Here's a simple tale. Realising she, husband Clark and son Jon need friends in their new life, Lois Lane has invited Wonder Woman and Batman to dinner.
Here's a complex tale. Two heroes who watched their Superman die have a chance to get to know his counterpart from another world.
Being a good guest, Diana brings something for the table.
Oh, those Amazons. It's a throwaway moment, in one sense, but a great example of what a perfect fit writer/artist Francis Manapul is for this series. He tells us something about Wonder Woman, that what may seem a grand gesture to anyone else is the everyday to her. Later, we see Diana's openness with Lois; history could make them uneasy associates, but the humanity of this demi-goddess means they'll be friends.
Lois narrates the book, a neat solution to the question of which member of the Big Three (I still hate 'Trinity", after all these years) gets the privileged perspective. And so much better than the other option, duelling narrations. Been there, hated that. We get Lois's insights into her husband, his new Justice League colleagues, super-son Jon and, inevitably, get to know the reporter herself.
There's a recurring riff about Clark erecting walls for protection - heck, the man builds fortresses wherever he goes - but Manapul is smart enough not to do it to death.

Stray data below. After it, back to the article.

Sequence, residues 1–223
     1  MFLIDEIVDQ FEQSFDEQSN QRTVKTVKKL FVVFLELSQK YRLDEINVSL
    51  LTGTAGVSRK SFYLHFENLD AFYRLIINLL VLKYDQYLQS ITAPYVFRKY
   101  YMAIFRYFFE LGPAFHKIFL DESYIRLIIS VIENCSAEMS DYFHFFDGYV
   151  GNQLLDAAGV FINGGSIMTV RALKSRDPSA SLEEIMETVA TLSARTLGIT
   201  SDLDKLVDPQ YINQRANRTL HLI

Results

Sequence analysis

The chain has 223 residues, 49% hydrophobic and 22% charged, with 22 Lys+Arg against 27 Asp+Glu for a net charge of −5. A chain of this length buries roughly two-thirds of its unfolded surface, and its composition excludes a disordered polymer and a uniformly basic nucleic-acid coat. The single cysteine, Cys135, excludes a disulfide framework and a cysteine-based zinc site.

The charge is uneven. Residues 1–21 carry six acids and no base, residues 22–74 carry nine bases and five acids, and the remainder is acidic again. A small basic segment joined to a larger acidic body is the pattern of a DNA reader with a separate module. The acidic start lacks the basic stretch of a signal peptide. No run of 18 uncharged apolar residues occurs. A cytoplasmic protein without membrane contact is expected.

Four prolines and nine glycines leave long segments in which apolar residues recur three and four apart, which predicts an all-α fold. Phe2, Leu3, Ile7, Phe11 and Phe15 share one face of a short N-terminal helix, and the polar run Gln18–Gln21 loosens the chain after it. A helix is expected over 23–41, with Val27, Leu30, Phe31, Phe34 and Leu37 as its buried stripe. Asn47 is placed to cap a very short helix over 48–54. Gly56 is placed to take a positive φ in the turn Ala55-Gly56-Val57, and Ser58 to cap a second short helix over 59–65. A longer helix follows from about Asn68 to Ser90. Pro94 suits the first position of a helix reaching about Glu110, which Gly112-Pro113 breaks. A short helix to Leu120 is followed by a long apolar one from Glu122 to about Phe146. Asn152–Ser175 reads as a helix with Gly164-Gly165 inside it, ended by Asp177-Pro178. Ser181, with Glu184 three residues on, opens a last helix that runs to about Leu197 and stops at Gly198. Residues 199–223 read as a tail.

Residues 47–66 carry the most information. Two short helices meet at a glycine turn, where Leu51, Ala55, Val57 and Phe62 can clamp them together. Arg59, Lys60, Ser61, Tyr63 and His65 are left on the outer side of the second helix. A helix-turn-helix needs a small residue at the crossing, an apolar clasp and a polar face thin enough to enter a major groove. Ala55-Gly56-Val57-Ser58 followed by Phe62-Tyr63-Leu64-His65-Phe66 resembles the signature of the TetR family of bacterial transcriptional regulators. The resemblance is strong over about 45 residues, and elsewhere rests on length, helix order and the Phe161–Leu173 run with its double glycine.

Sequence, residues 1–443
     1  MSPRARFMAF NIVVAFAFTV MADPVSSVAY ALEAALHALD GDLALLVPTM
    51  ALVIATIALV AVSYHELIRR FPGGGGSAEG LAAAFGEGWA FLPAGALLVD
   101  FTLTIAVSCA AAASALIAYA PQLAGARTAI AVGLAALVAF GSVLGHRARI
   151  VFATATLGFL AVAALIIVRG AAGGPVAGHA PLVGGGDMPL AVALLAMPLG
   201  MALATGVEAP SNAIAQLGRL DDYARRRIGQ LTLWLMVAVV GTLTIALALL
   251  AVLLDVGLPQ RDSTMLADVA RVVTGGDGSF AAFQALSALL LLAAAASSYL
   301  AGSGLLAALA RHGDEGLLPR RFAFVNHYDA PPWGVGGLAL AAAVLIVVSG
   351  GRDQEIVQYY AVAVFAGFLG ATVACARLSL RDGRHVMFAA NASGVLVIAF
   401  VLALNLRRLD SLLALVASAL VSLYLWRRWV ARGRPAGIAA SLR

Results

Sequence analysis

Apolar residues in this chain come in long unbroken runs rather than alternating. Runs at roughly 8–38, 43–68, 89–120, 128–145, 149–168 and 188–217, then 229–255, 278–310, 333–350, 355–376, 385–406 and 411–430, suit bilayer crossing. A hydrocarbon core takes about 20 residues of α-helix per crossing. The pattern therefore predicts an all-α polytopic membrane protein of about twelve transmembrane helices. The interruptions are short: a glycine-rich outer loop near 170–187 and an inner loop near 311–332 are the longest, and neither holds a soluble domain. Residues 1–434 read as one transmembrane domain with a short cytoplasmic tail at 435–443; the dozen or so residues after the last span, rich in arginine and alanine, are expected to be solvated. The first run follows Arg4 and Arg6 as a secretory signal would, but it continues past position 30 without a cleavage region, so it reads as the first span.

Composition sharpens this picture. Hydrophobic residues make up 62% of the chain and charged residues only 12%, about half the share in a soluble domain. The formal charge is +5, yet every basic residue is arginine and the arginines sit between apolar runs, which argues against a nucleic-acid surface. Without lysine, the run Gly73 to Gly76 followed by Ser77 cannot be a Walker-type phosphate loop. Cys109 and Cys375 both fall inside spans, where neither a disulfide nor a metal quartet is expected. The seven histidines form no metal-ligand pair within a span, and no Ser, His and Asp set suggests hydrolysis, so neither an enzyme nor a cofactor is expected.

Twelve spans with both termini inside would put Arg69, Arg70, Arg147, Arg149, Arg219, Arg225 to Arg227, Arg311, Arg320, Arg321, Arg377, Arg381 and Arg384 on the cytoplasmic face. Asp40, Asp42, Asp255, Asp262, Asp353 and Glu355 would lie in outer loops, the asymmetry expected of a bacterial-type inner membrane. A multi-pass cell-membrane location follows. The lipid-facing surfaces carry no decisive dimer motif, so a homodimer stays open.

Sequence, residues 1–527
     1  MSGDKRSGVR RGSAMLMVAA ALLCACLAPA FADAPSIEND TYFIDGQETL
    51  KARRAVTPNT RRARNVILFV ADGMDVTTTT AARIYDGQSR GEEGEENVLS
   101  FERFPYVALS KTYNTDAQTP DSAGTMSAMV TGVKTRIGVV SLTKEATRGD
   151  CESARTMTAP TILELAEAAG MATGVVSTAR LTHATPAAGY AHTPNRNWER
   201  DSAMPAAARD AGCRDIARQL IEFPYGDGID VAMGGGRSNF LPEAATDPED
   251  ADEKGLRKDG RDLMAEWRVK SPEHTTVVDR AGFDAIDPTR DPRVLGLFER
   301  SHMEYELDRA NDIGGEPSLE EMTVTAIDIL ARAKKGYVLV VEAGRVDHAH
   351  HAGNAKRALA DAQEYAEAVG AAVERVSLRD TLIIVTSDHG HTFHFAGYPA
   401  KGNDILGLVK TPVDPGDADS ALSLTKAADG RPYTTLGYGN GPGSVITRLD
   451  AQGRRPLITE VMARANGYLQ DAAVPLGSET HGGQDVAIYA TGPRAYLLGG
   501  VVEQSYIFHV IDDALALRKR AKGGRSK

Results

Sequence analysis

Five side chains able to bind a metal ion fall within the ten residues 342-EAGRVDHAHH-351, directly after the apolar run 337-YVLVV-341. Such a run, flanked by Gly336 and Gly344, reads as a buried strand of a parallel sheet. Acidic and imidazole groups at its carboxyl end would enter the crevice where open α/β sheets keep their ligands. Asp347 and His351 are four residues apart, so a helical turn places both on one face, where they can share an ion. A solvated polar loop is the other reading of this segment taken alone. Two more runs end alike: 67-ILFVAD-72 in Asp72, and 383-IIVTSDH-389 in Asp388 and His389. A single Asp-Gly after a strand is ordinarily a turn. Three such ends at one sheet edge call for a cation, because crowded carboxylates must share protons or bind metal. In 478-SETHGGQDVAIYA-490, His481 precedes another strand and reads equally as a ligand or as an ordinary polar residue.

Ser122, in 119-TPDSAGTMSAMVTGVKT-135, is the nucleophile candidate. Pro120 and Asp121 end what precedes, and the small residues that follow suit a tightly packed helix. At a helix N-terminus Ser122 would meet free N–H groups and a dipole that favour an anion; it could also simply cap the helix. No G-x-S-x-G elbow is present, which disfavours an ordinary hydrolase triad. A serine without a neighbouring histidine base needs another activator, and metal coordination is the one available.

My favourite sequence sees Superman reminisce about the Batman he knew, Benday dots and all.
It's written with a light touch, the rainbow suit highlighting the differences between the Bruce Wayne of this world and the man Clark knew (admittedly, the Batman of Clark's world wasn't always goofy).
Bubbling away in the background is, well, a beanstalk, maybe. Jon has been given some 'magic grow' by a stranger.
Lois may have a hotshot instinct for news, but she's apparently too distracted by her upcoming dinner to hear parental alarm bells. I mean, back in the day she had run-ins with the Queen of Fables, and here she is not wondering about magic beans. I love it!
I love Manapul's art, too, full-colour illustrations that simply glow on the page, depicting his five characters and their world with massive charm. The details of the Kent farm, the mise en scene as film critics say, cements the story, providing a convincing reality for these larger than life figures.
Whether it's the splashy introductions the three heroes get, with their symbols helping build the page, or the tentative beginnings of new friendships, Manapul nails the moment. His storytelling instincts soar as never before.
Steve Wands lends support with his stylish lettering, while artist Jason Fabok and colourist Brad Anderson provide a variant cover that feels more DC New 52 than DC Rebirth with its brooding melodrama. I prefer Manapul's own, though I remains allergic to a sword-slinging Diana
There's an intriguing cliffhanger, but even if the book just ended with everyone eating pulled boar sandwiches I'd be back next issue. Heck, I may subscribe, this debut is that good - a big-hearted, great-looking book focused on families, the ones you're born into and the ones you make.